Twenty Years and Counting: A Look at Waldorf in the Public Sector Using Online Sources

  • Abigail L Larrison University of California, San Diego
  • Alan J Daly University of California, San Diego
  • Carol VanVooren California State University, San Marcos
Keywords: charter schools, holistic education, Steiner, testing, Waldorf

Abstract

    As the number of public Waldorf schools operating in the U.S. continues to grow, there is a need to examine the effectiveness of this approach in the public sector.  This empirical study provides a beginning look at available quantitative and qualitative extant data on public Waldorf schools obtained from state and national websites.  Available data included standardized tests and parent comment boards hosted by the independent source, GreatSchools.org.  Public Waldorf schools were compared to their district standardized test scores in Reading and Math as well as matched comparison schools.  Test score results suggested the Waldorf experience provided a slower academic build-up resulting in poorer test scores in the lower grades followed by higher levels of advanced performance in the 8th grade.  Quantitative content analysis of parent comments supported the idea that public Waldorf is indeed a more holistic approach with greater emphasis on the arts, community and developmentally appropriate practice.  Findings suggest standard measures of school quality may midjudge the effectiveness of holistic education particularly with regards to academics.  Challenges for successfully bringing holistic education into the current cultural-political climate are discussed.

Author Biographies

Abigail L Larrison, University of California, San Diego
Abigail Larrison received her PhD in Neuroscience from Rutgers Center for Molecular and Behavioral Neuroscience studying mechanisms of attention and systems level neuroscience.  She began working in education in 1995, applying her knowledge of the brain sciences towards teaching pedagogy and practice.  She joined the Joint Doctoral Program in Educational Leadership in order to further advance issues of educational reform based on the brain and learning sciences.  Her recent publications extend into the area of neuropharmacology, the psychophysiology of attention and critical issues in neuroeducation.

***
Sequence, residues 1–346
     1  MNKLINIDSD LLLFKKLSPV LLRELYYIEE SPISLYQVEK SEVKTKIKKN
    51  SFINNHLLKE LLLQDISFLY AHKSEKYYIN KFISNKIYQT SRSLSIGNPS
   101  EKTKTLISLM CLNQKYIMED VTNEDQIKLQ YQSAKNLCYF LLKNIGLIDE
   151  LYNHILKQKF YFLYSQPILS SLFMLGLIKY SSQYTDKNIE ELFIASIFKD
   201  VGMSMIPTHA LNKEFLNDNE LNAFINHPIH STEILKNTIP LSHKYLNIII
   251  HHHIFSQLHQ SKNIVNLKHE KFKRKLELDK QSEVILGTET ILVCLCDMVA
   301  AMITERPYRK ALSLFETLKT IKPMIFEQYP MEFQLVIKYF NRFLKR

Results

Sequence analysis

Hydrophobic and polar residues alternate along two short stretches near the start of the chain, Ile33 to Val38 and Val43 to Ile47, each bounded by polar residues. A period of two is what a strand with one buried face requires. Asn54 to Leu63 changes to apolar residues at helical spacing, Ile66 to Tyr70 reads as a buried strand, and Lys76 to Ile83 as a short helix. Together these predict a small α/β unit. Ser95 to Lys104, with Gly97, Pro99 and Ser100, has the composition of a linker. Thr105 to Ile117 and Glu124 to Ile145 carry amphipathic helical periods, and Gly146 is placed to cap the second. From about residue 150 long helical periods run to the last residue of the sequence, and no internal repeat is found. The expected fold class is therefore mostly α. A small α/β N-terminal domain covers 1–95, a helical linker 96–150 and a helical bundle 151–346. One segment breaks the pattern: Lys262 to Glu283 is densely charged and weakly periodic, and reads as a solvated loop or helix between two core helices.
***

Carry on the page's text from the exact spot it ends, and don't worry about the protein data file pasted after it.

Alan J Daly, University of California, San Diego

Alan J. Daly is an Associate Professor of Education at the University of California, San Diego.  In addition to 16 years of public education experience as a teacher, psychologist, and administrator, Alan has also been the Program Director for the Center for Educational Leadership and Effective Schools at the University of California, Santa Barbara. Research interests include leadership, educational policy, district reform, and social network theory.  His recent publications include an edited volume entitled, Social Network Theory and Educational Change, published by Harvard Education Press.

Carol VanVooren, California State University, San Marcos

Carol L. Van Vooren has served as a teacher and school leader at all levels of instruction and is currently an Assistant Professor at California State University San Marcos. Her interest in alternative pedagogy developed as the principal of an International Baccalaureate Primary Years Programme School and as the Director of the International Baccalaureate Certificate in Teaching and Learning at CSUSM. Her research in international mindedness and leadership has resulted in publications and presentations at conferences around the world.

Published
2012-10-05
How to Cite
Larrison, A., Daly, A., & VanVooren, C. (2012). Twenty Years and Counting: A Look at Waldorf in the Public Sector Using Online Sources. Current Issues in Education, 15(3). Retrieved from https://cie.asu.edu/ojs/index.php/cieatasu/article/view/807
Section
Articles